Local officials announce curfew and flood debris sites

By Pauline Liu
A dusk-to-dawn curfew is now in place in flood stricken Middletown. County officials, who made the announcement Tuesday afternoon, said the curfew will be enforced by law enforcement officers and military police. A convoy of National Guard arrived in town this afternoon.

Curfew enforcement
A violation of curfew is a misdemeanor crime, punishable by up to three months in prison and a possible fine. “We’re asking anyone with no business in the area to stay off the roads,” said Director of Delaware County Emergency Services Rich Bell. He explained that the heavy traffic created by curiosity seekers has been hindering clean up efforts. “With the enforcement of the curfew, we can begin getting roads open for emergency access,” he said. Bell did not specify specific hours for the curfew.

Disposal of flood debris
As for the latest on clean up efforts, Jim Eisel, the Chairman of the Delaware County Board of Supervisors announced that the county has designated two “staging areas,” where Middletown residents can dispose of their flood debris. The smaller of the two locations is in Fleischmanns, at the intersection of State Highway 28 and Main Street on the east end of the village. The second location is on County Route 38 in Arkville, which is know as “The Cutoff.”

Hours of operation
Both staging areas will be staffed and are to operate daily from 7am -5pm beginning Wednesday, August 31st. “Please try to work with our staff,” said Delaware County’s Solid Waste Coordinator Susan McIntyre.”The service is being provided at no cost to the residents. For residents who are working with a carting service, we’ll be waiving the tipping fee for flood debris and the service will be provided for the next two weeks.” Middletown Supervisor Len Utter had hoped to set up a third staging area for residents, but county officials said that was not possible.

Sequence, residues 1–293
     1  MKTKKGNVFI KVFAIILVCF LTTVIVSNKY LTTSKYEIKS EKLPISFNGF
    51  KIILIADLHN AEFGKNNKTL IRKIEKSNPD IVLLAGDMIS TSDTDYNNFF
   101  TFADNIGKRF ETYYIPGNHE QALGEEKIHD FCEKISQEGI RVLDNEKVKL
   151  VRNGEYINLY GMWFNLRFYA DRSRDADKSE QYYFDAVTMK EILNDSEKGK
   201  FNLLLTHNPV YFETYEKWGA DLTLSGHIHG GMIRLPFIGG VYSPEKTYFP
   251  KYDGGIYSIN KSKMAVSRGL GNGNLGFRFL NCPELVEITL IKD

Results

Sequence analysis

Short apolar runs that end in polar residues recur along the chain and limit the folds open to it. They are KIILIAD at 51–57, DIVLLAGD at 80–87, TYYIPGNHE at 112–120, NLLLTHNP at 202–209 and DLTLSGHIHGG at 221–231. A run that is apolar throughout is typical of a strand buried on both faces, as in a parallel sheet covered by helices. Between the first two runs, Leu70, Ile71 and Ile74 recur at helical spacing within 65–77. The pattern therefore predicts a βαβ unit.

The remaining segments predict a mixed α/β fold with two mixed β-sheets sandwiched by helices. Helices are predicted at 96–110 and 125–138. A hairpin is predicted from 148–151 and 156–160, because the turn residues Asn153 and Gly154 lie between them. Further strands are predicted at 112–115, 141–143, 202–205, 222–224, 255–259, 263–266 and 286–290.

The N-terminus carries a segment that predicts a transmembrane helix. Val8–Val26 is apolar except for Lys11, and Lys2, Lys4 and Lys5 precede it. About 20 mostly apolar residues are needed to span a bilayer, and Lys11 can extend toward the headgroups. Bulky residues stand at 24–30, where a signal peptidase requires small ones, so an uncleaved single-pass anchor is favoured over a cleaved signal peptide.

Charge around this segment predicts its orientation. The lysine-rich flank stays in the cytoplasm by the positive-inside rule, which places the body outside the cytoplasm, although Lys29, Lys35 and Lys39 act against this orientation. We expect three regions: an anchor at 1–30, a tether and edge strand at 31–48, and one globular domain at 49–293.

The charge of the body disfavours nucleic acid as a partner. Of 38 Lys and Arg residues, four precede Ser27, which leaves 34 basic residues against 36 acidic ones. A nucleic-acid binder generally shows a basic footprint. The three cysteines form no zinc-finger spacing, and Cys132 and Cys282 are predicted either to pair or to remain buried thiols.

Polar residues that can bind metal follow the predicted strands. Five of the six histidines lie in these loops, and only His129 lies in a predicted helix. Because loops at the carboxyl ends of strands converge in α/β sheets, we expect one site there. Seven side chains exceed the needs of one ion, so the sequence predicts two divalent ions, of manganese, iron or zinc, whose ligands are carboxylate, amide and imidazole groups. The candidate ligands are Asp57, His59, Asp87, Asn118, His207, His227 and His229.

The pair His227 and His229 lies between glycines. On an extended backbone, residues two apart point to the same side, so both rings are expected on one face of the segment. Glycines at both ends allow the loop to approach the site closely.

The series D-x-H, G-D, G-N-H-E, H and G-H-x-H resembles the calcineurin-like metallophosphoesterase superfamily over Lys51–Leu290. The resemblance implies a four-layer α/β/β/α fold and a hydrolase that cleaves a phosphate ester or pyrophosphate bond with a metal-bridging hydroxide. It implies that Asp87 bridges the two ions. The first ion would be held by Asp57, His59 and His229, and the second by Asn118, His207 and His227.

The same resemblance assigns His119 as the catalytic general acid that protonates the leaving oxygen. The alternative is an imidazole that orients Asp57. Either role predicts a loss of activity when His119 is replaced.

What can be tossed
According to McIntyre, the staging areas will accept the following flood debris:
C & D (construction and demolition debris), flooring, furniture, scrap metal, tires, TV sets, monitors, paints, pesticides, freon containing appliances including refrigerators, freezers, and air conditioners. Some items may need to be sorted.

Water, food and information
In other news, Emergency Service Director Bell said that large companies including Walmart will be donating bottled water to communities. Water and meals will be available at what he described as Salvation Army “feeding stations” at both the Margaretville Methodist Church and the Fleischmanns Fire Hall. “They’re capable of feeding up to 1,000 people,” said Bell. He explained that county officials want to open a service center, where residents can come for one-stop information about social services and other aid.

The announcements were made at a press conference held in Margaretville at the flood ravaged shopping plaza on Bridge Street, with Freshtown as the backdrop. Emergency Service Director Bell explained that the number of county residents left homeless is unknown, but about 60 percent of the county--or 28,000 people--is currently without power. Chairman Eisel opened and closed the event by remarking that the flooding brought on by Tropical Storm Irene on Sunday was by far the worst this region as ever experienced. “The water level in the streams was 54 inches higher than in ’96,” he said. The event was also attended by DVM Commissioner Barbara Fiala, who was representing Governor Andrew Cuomo.“ You have a lot of needs and those needs will be heard,” said the commissioner.